Ratingen (dpa) – After serious setbacks from the crown crisis, Germany’s fast food industry wants to expand its car collection counters to keep customers in line.
While the classic restaurant business collapsed with wait times at the counter, sales through “drive-ins” or “drive-thru” increased. At Burger King, the share of cars in total sales before Corona was a third, in summer it increased to more than 45 percent. At market leader McDonald’s, the share of automobiles rose from 30 percent to 50 percent of self-service branch sales in the spring.
More and more customers wanted a home delivery without going to the restaurant, says Burger King Germany boss Cornelius Everke. “The self-service branches helped us a lot to find our way through the crisis.” In November, a good two-thirds of the food was removed from the car counter, the rest was collected from the restaurant and delivery services. November’s high quota is also due to the fact that consumption in the restaurant is no longer due to corona measures.
Competitor Kentucky Fried Chicken (KFC) also reported an increase in share of self-service sales from 27 percent before the pandemic to about 65 percent in the summer; in November it was 85 percent. “The crisis caught us and sales initially fell in the days of Corona, but drive-ins pushed us,” says Marco Schepers, head of KFC Germany. 110 of the 174 restaurants have car counters. “We were able to quickly switch to other sales channels in addition to the classic one-stop business, which helped us.” KFC expanded its delivery service: at the beginning of the year, internal couriers were on their way to 20 KFC restaurants, now there are more than 60. Lieferando takes over delivery service in another 40 restaurants.
Kentucky Fried Chicken presented on Thursday an expansion strategy, according to which in smaller cities, where there are currently no KFCs, 25 new restaurants will be opened per year by 2025. For example, this is Villingen-Schwenningen, Baden-Württemberg, Dülmen (NRW), Coburg (Bavaria) and Meppen (Lower Saxony). There is great potential there, Schepers says. “KFC is still something new for the people there.” In its expansion, KFC relies almost exclusively on car counter bars.
The company has had a mixed year. All 20 locations at airports and train stations collapsed in sales. The nearly 30 restaurants in the shopping centers also fared poorly. On the other hand, drive-in restaurants managed to shine; “In the summer months, we even saw an overall increase of two to three percent,” says the manager. However, for the full year, KFC also expects losses: after 267 million euros in 2019, according to a forecast from the company, sales from Germany in 2020 will fall to just over 250 million euros.
A larger size than KFC is Burger King, which operates 750 restaurants in Germany and achieved annual sales of around 1 billion euros in 2019, and expects a decline this year. Orphan offices in city centers, the rise of home offices and restrictions on leaving had hurt Burger King, says Germany’s boss Everke. Those who work from home do not drink coffee or eat breakfast on the way to work. And young people don’t stop at Burger King for the nights before or after the club. “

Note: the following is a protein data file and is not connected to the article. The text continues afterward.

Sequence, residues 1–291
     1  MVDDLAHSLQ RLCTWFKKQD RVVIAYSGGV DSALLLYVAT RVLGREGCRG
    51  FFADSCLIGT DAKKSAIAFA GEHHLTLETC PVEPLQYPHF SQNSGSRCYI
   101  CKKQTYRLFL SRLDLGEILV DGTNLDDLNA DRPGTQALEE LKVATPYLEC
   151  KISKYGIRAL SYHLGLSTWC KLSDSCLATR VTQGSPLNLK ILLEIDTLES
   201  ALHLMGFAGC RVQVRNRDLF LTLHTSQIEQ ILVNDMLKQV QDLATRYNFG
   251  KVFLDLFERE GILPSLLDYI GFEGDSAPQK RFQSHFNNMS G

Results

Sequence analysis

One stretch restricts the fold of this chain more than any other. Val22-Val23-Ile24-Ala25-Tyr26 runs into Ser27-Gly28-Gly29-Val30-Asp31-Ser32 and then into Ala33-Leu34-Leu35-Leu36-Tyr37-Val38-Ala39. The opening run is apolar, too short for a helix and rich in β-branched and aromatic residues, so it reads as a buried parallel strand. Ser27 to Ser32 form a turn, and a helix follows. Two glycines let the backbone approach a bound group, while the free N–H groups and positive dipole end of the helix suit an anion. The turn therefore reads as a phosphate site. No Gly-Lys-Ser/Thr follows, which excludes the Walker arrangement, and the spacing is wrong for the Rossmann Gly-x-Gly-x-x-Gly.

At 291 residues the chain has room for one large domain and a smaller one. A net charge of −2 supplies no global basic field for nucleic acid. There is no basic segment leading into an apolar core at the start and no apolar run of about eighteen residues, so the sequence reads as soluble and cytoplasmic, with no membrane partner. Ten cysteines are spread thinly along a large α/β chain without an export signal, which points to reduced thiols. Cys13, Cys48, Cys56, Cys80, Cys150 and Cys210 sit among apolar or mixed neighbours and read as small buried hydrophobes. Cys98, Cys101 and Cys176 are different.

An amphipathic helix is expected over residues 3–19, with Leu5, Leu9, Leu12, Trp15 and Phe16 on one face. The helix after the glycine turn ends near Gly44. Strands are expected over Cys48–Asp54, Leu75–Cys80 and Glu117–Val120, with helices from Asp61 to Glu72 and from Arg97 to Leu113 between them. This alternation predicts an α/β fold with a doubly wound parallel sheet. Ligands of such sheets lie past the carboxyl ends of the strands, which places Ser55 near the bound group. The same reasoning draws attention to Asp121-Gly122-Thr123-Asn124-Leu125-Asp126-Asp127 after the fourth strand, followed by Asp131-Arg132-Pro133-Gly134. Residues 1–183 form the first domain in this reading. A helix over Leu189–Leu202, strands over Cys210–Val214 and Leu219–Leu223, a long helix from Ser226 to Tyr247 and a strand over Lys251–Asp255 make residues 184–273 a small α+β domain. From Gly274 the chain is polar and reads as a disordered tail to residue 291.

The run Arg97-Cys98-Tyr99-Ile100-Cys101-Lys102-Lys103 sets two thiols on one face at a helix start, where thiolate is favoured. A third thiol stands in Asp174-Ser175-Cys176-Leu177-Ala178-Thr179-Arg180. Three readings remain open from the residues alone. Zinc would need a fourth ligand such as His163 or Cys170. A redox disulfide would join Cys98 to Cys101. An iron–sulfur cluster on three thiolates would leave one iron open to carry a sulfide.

However, company boss Everke is pleased in light of Corona’s adverse circumstances. Locations at highway service stations, train stations and airports were indeed failures, but restaurants with car counters in cities were in demand. “In the days of Corona, people want to eat tried and tested, but at the same time keep their distance.” This is possible with drive-ins and the delivery service feature. Investments in the website and app paid off as well. As a result, the Burger King brand remains present with customers despite restrictions in times of pandemic, says the manager.
Everke hopes Corona will change the industry in a lasting way. “The frequency of customers in city centers has already decreased due to online commerce, it could fall further.” Locations with favorable traffic conditions on the outskirts of the city or on the green meadow would be more attractive, there would also be enough space to access the car counter. It’s clear for Burger King too: new restaurants should have a drive-thru in the future.
Experts see the industry in crisis. Consumer demand has changed radically, says Boris Tomic of the foodservice industry magazine. “Packaged, easy-to-carry or deliverable meals are a great advantage over service restaurants,” says the specialist. “And drive-ins are another trump card when it comes to attracting customers.”
According to figures from market research firm npdgroup, fast food chains got away with it in crown times. “In September, the entire catering trade in Germany was a quarter less than the previous year, while the Quick Service account was only minus 11 percent,” says market researcher Jochen Pinsker. Quick Service means all restaurants and outlets where takeout is an essential factor, including kebab shops.
For years, car counters were a more mandatory task for American chains in Germany. “Today, the younger generation is often carless, so demand was sometimes quite moderate,” says Pinsker. The crisis of the crown changed that, now many consumers no longer wanted to go to the restaurant and for that reason they appreciate the option of picking them up at the car window: it will continue after Corona. “